Vac­cine could pre­vent can­cer

Geelong Advertiser - - NEWS - SUE DUNLEVY

A VAC­CINE that treats one of the most com­mon forms of breast can­cer is be­ing de­vel­oped by an Aussie com­pany and one day it could be used to pre­vent can­cer.

The ther­apy stim­u­lates the body’s im­mune sys­tem to fight the can­cer and stud­ies have showed it pro­duced im­proved sur­vival rates in mice.

The vac­cine will help the one in four women whose breast can­cer over ex­presses the HER2 pro­tein as well as HER2 gas­tric can­cer pa­tients.

More than a mil­lion cases of gas­tric can­cer are di­ag­nosed each year, mostly in Asia, and the five-year sur­vival rate is only 30 per cent.

Tri­als in Europe have shown the vac­cine is safe and it is be­ing tri­alled in Asia.

While re­searchers hope it will help breast can­cer pa­tients they can­not trial it on these pa­tients in Aus­tralia yet.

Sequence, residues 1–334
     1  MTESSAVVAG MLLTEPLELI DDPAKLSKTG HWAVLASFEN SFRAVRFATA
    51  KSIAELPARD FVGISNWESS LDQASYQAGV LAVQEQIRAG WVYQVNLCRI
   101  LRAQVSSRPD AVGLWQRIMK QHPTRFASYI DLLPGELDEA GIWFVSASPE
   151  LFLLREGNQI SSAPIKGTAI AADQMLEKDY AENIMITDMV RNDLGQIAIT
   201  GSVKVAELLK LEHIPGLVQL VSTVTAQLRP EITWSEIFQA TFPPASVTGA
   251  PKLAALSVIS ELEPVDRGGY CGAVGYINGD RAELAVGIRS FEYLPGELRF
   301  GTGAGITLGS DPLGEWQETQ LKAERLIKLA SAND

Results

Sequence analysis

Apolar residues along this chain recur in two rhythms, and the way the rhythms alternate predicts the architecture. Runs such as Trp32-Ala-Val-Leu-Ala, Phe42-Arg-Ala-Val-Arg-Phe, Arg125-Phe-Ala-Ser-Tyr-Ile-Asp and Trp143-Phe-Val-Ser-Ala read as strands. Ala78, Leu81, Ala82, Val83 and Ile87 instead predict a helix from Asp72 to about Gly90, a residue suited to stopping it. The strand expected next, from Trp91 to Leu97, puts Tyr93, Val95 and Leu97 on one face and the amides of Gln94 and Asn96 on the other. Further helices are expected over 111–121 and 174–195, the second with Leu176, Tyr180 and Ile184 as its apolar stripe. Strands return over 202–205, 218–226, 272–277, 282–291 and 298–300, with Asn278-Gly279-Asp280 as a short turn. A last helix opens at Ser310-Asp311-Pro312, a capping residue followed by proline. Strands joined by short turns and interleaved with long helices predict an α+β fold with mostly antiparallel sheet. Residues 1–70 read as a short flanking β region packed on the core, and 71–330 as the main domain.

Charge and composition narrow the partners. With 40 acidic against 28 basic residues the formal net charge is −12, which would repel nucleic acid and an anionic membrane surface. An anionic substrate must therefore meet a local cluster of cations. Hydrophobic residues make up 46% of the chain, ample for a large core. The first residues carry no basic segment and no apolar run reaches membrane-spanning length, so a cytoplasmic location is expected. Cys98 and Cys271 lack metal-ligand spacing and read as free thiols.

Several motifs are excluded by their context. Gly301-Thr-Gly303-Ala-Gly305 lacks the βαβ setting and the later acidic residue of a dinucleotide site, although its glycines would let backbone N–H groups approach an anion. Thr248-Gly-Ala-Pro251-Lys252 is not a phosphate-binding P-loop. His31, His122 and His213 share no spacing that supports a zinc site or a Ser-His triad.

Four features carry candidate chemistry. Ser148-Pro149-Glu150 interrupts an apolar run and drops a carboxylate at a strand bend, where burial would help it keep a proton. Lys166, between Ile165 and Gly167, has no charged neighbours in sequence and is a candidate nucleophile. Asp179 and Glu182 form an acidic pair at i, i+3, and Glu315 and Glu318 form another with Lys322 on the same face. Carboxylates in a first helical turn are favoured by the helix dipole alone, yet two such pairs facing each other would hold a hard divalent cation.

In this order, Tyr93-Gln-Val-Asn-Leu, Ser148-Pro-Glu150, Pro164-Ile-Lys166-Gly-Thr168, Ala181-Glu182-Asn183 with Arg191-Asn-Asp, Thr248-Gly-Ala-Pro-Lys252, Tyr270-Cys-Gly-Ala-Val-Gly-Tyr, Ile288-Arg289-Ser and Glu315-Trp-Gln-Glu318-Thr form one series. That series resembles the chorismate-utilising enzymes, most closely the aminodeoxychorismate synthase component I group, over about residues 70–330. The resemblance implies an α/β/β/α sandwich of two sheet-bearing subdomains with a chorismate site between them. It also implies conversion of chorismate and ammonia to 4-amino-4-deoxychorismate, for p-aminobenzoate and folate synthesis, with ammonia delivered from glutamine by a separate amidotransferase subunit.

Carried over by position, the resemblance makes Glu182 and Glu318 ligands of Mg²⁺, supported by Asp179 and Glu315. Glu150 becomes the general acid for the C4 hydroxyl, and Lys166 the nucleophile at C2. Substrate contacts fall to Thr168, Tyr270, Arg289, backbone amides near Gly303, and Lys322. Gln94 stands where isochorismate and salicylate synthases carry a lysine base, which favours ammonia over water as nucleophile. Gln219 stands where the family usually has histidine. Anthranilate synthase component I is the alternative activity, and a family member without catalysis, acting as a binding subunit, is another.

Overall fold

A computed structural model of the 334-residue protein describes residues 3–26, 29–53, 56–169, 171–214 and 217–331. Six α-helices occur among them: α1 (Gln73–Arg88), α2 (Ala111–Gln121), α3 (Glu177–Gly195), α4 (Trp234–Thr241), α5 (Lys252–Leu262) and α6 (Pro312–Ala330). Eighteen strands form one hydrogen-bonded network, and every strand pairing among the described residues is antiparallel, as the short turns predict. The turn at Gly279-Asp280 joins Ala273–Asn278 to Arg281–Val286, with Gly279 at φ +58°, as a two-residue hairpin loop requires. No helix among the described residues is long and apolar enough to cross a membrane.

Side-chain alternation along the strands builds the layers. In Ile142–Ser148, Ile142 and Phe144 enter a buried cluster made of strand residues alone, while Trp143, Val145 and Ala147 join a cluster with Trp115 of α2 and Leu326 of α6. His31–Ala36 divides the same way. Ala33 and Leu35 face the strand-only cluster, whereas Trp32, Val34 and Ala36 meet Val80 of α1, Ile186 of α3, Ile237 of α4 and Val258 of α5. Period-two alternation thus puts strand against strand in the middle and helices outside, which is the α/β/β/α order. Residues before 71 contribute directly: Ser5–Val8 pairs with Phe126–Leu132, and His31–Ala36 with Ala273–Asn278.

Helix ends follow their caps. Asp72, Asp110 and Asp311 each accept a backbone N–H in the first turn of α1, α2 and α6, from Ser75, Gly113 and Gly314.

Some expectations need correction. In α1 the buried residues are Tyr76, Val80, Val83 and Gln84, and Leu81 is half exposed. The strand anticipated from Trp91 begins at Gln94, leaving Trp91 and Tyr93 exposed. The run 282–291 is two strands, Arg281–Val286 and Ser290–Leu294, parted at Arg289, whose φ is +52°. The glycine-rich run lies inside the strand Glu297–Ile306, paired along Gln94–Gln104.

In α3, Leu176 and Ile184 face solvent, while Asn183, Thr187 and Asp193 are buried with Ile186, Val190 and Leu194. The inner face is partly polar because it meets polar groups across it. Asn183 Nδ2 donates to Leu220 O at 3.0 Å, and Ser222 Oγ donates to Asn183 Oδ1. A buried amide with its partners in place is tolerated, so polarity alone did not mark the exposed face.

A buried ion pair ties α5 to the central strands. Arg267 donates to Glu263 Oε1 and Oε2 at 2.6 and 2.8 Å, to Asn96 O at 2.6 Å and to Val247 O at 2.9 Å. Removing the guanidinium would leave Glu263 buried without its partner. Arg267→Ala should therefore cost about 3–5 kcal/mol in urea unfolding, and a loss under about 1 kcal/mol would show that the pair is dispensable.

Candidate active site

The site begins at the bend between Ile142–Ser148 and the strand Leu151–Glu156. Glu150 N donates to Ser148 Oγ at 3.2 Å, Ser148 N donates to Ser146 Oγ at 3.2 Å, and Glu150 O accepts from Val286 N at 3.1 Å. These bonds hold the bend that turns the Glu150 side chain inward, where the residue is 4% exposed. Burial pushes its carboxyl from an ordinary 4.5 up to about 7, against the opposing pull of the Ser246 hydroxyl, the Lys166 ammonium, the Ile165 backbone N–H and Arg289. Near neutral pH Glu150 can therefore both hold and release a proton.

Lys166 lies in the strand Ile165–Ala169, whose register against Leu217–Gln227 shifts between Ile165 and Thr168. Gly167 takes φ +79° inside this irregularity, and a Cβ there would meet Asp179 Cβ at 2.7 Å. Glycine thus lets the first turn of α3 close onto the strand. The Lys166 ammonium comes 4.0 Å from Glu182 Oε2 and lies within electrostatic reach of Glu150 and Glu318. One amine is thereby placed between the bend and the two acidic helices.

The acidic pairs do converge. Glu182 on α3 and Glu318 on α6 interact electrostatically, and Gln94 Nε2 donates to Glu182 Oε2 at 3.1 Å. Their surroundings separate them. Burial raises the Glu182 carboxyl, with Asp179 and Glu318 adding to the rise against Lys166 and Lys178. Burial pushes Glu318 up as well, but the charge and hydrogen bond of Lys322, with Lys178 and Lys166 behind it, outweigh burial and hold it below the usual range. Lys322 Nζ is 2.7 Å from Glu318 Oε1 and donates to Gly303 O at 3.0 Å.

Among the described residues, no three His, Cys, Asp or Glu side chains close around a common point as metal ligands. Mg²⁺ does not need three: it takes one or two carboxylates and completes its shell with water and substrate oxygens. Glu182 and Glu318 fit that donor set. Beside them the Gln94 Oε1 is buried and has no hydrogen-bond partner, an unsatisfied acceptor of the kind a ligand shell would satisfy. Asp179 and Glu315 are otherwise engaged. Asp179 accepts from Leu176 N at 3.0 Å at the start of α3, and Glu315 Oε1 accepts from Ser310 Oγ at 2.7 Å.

This is be­cause stan­dard use of the drug Her­ceptin treat­ment would con­flict with prov­ing the vac­cine works.

Med­i­cal Univer­sity of Vi­enna re­searcher Ur­sula Wie­der­mann is the coin­ven­tor of the HER-vaxx.

If the vac­cine worked it would most likely be used in com­bi­na­tion with chemo­ther­apy, ra­di­a­tion and Her­ceptin to im­prove sur­vival, Pro­fes­sor Wie­der­mann said.

The idea is that pa­tients with HER2 pos­i­tive can­cers would be given the vac­cine be­fore any other treat­ment.

It would stim­u­late their im­mune sys­tem to fight the can­cer then other stan­dard treat­ments would be loaded on top to kill off the can­cer.

Re­peat vac­ci­na­tions would most likely be needed.

“It’s like tetanus, you need a booster vac­cine,” Prof Wie­der­mann said.

Even­tu­ally the vac­cine could be used to try to pre­vent can­cer, she said.

Mel­bourne firm Imu­gene is pro­vid­ing fund­ing to de­velop the vac­cine and run tri­als.

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